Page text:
Post for Feb 14-20 2016

TaN: For each and every wrong done, there should be and is corresponding and commensurate punishment or penalty, otherwise it would be an injustice.  Even in cases where the wrong is committed by a minor or one without the mental ability or faculty to discern right from wrong or good from bad, there should be someone who must be held accountable — either by the perpetrator or the guardian or someone who is responsible for the perpetrator.

No wrong should go unaccounted for.  To have a law that only dictate that minors (or people below the age of discernment, which is determined by (another) law) and certain people with disabilities are or cannot be held accountable for wrongful acts and therefore exempt from punishment is a terrible injustice to the victim (and his family) and to society.  Someone must always answer to the injustice suffered by the victim/s.

Moreover, our current penal system is and has (always) been terribly outdated and archaic.  There is very little justice — true justice is the only justice — being done, especially in criminal cases where the perpetrator “pays” for his/her crime by serving a prison sentence and not doing anything to truly “compensate” the victim (and the family).  The justice system in some countries, mostly industrialized or First World but there are some other countries and societies, even considered primitive but today’s standards, practice a more meaningful and responsive system, like doing community work (if the victim is the community) and doing arts and crafts while serving prison sentence to be sold and, even by a token amount, the proceeds given to the victim/s’ (or their families).

I remember a story a good friend, Fr Michael Yamagashira told me regarding a primitive tribe in Africa in his bucket list to visit.  He said that the tribe has a very unique and effective penal system.  When a wrongful act is committed by a tribe member, the chief and the council of elders will summon the entire tribe to a gathering.  Every person was expected to stop whatever they are doing and attend.

In the gathering, the alleged wrongdoer is placed at the center of the village and the entire tribe forms a circle around him.  During the event, one by one, a tribe member steps forward and tells a good quality about the perpetrator.  In the end, the accused feels embarrassed at how his/her wrongful act has tarnished his/her good image in the community that s/he reforms and atones for the wrong.  It is a different justice system that focuses and emphasizes positive reinforcement rather then negative and punitive (and vindictive) methods — which seldom succeed in reforming the wrongdoer.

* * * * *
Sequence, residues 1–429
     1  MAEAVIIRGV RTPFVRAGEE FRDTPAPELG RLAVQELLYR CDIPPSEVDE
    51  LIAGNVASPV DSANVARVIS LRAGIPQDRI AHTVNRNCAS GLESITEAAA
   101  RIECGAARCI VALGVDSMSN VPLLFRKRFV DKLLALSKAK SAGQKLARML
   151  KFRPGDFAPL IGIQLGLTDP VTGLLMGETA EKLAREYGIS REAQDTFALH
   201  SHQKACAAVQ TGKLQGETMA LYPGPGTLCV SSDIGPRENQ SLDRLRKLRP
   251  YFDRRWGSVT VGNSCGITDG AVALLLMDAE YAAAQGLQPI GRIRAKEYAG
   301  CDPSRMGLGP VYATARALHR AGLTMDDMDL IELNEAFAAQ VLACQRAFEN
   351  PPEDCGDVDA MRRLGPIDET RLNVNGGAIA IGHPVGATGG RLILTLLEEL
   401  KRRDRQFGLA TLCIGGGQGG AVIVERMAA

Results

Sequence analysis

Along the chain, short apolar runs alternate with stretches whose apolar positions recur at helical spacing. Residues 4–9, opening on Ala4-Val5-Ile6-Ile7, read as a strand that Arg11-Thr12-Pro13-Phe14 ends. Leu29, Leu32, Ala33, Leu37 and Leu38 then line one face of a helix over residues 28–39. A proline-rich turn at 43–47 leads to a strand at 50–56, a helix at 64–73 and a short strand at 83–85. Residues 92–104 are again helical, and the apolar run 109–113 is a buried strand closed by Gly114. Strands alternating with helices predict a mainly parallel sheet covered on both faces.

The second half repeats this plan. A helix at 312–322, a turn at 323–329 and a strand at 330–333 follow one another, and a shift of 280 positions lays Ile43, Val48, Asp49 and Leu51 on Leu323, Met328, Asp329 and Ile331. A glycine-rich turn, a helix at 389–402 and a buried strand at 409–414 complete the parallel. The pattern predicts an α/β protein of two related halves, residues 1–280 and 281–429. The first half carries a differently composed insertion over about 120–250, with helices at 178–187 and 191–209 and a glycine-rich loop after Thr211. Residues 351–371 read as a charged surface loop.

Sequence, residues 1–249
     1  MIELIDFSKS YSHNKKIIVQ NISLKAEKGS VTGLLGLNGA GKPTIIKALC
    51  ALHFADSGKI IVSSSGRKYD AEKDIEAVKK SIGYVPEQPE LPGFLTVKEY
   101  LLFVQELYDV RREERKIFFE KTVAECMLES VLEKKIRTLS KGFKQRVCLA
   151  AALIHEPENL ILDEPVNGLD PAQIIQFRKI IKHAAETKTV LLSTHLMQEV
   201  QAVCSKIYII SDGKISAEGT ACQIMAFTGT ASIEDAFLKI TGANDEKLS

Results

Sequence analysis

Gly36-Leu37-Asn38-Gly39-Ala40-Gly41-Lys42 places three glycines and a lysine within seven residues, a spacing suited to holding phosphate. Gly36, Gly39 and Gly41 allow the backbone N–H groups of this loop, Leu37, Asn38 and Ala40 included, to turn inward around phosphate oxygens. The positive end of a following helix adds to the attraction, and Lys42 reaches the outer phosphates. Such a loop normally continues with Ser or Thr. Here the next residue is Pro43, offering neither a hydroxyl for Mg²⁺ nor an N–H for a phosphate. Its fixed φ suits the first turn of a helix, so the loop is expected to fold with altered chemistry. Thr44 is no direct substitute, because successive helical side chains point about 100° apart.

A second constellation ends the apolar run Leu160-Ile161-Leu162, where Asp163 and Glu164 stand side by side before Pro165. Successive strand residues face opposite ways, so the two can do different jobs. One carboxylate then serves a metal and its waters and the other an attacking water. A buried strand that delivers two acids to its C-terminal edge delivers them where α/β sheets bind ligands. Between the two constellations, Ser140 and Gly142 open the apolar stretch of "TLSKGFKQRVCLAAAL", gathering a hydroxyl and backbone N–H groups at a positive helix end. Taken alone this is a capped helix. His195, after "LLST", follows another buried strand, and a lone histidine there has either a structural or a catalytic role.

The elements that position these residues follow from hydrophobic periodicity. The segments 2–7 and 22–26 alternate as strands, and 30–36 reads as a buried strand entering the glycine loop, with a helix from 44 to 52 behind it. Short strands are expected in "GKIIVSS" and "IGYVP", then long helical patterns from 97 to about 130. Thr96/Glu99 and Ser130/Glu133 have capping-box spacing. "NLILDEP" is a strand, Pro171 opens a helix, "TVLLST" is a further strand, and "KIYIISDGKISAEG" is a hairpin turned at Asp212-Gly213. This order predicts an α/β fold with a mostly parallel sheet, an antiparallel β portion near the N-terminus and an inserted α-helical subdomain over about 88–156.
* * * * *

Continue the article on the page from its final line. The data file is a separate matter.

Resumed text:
Comes to think of it, it is so crazy and unbelievable that it just might work — and the tribe proves it does.  But it will all depend on the maturity of people, the community, the population, regardless of age — because children, when brought up responsibly and properly, will likewise behave maturely.

TaN: The person who thought of and able to persuade the (health) authorities of spraying to combat mosquitoes is most brilliant but the implementers of the idea are the dumbest.  Common sense would dictate that, since (adult) mosquitoes can fly, spraying is commercially profitable but provide no useful effects or benefits to the residents of the area being sprayed as the mosquitoes simply leave the place and return when everything has calmed down (and the fumes have dissipated).

Unfortunately for the residents, the residue from the toxic spraying cling or stick to the surface in contact and these are lethal to anyone who happens to touch or brush against the contaminated surfaces.  These bring medical and toxicological issues to the residents and visitors unfortunate enough to ingest viable enough amounts so as to cause (bodily) harm.

The better method is to employ nature’s own mosquito population controllers, like bats, spiders, house lizards or geckos, insectivorous plants (such as pitcher plants and bladderworts), and insect-repelling plants (such as marigolds and lemongrass).  Electrical insect killers are not good because they are indiscriminate and do not differentiate between mosquitoes (and other flying insect pests) and beneficial ones (such as lizards, spiders, and dragonflies).